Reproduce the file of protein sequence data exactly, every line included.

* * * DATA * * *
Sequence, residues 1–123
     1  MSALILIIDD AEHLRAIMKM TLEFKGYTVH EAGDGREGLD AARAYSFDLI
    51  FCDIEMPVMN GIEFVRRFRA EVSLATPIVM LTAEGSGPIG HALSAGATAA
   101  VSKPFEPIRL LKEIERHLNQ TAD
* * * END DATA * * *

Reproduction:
Sequence, residues 1–123
     1  MSALILIIDD AEHLRAIMKM TLEFKGYTVH EAGDGREGLD AARAYSFDLI
    51  FCDIEMPVMN GIEFVRRFRA EVSLATPIVM LTAEGSGPIG HALSAGATAA
   101  VSKPFEPIRL LKEIERHLNQ TAD